Chicago firefighters battle deadly, multi-alarm blaze in South Side high-rise

One person was killed, and several others were injured after a four-alarm fire broke out in a high-rise apartment on Chicago's South Side Wednesday morning. 

The Chicago Fire Department responded to an apartment building in Kenwood located at 4850 Lake Park Avenue just after 10 a.m. for a fire in the upper floors. 

The fire began on the 15th floor and quickly made its way upward. Officials say the fire affected 10 floors and residents near the top of the building were evacuated, those with special needs were prioritized.

"The fire went up vertically all the way to floor 24. Chicago Firefighters did an outstanding job," Fire Commissioner Annette Nance-Holt said.

A resident on the 16th floor smelled smoke and called 911.

A woman in her 80s was found dead in a unit on the 15th floor, officials said in a news conference. Seven other people were injured, including a 70-year-old woman taken in critical condition to a hospital, according to fire officials.

"I will tell you when I first walked up, I was aghast and my heart sunk," Ald. Sophia King (4th) said. "But after talking to leadership, first responders, they have the situation under control," 

One firefighter was taken to an area hospital for smoke inhalation. 

CFD Director Larry Langford says the cause is under investigation and their main concern was stopping the fire from spreading. 

The fire was classified as a 4-11 which is rare for Chicago, Langford said. 

At one point elevators were down causing even more of a challenge for responders.

Officials said over 300 fire personnel responded to the scene with 85 pieces of equipment. 

Jauntanne Mayes rushed to the burning apartment, hoping she could help an elderly retired teacher she called her aunt because they were so close.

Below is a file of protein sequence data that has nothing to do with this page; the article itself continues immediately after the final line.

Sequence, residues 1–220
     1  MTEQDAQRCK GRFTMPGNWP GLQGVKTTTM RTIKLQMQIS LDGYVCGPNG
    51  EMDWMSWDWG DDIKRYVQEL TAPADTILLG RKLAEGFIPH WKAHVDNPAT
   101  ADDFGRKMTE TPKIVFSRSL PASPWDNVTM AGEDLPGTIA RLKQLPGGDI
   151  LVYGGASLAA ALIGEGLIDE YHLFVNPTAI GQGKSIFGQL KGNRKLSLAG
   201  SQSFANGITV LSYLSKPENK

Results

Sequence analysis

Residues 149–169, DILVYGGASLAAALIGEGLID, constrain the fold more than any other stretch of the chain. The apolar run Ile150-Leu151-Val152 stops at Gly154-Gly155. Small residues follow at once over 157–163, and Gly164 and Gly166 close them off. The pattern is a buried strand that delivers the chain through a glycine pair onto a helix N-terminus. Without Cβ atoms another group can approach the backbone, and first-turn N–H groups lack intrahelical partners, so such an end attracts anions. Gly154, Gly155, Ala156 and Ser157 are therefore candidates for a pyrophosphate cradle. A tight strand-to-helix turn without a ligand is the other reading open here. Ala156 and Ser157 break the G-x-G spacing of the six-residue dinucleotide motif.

"I knew that she could not get down the stairs by herself, and unfortunately they wouldn’t let me up to go and check on her," Mayes told reporters.

"Nobody had been able to reach her, and then I was just informed that she was a person who passed away," Mayes said. "Just a really sweet, sweet person, really generous, she will be missed by a lot of people."

Authorities could not immediately confirm the name of the person who died, but Mayes says her ‘aunt’ lived on the 15th floor where the deceased person was found. 

Adetunji Oyedele, 59, said he woke up to the sound of a fire alarm and immediately searched his apartment for flames. It was when he opened a window in his apartment that he noticed large clouds of smoke escaping from elsewhere in the building.

"It was a lot of smoke and I’m like, what is going on," said Oyedele. "I just quickly threw on this jacket ‘cause I didn’t even know what to take."

Oyedele said emergency responders were quick to respond to the fire. But a resident on the other side of the building disagreed.

"No one knocked on the doors, no one said anything, no one knew," said Stephanie Lassiter, 57. "I texted my daughter who also lives in the building and said, ‘I think there’s a fire in the building’ and she said she didn’t think so."

Lassiter said she heard a faint siren coming from the hallway and that it took awhile for residents to be told they needed to leave the building. "I had to knock on my neighbors doors to tell them to leave because no one knew. It was terrible," she said.

The building, Harper Square Cooperative, has failed seven inspections since Oct. 27, 2021, according to city records.

"The intercom system they’re using is very low. You couldn’t hear it inside your unit," one resident told reporters.

Many residents told FOX 32 news they never heard an alarm sound during the fire. 

There are 298 units in the building, and of those, only 267 were occupied. At least 130 residents are now temporarily displaced.

The Red Cross, Salvation Army and resources from the City of Chicago were on hand all day Wednesday helping people locate temporary housing. 

The Sun-Times Media Wire contributed to this report.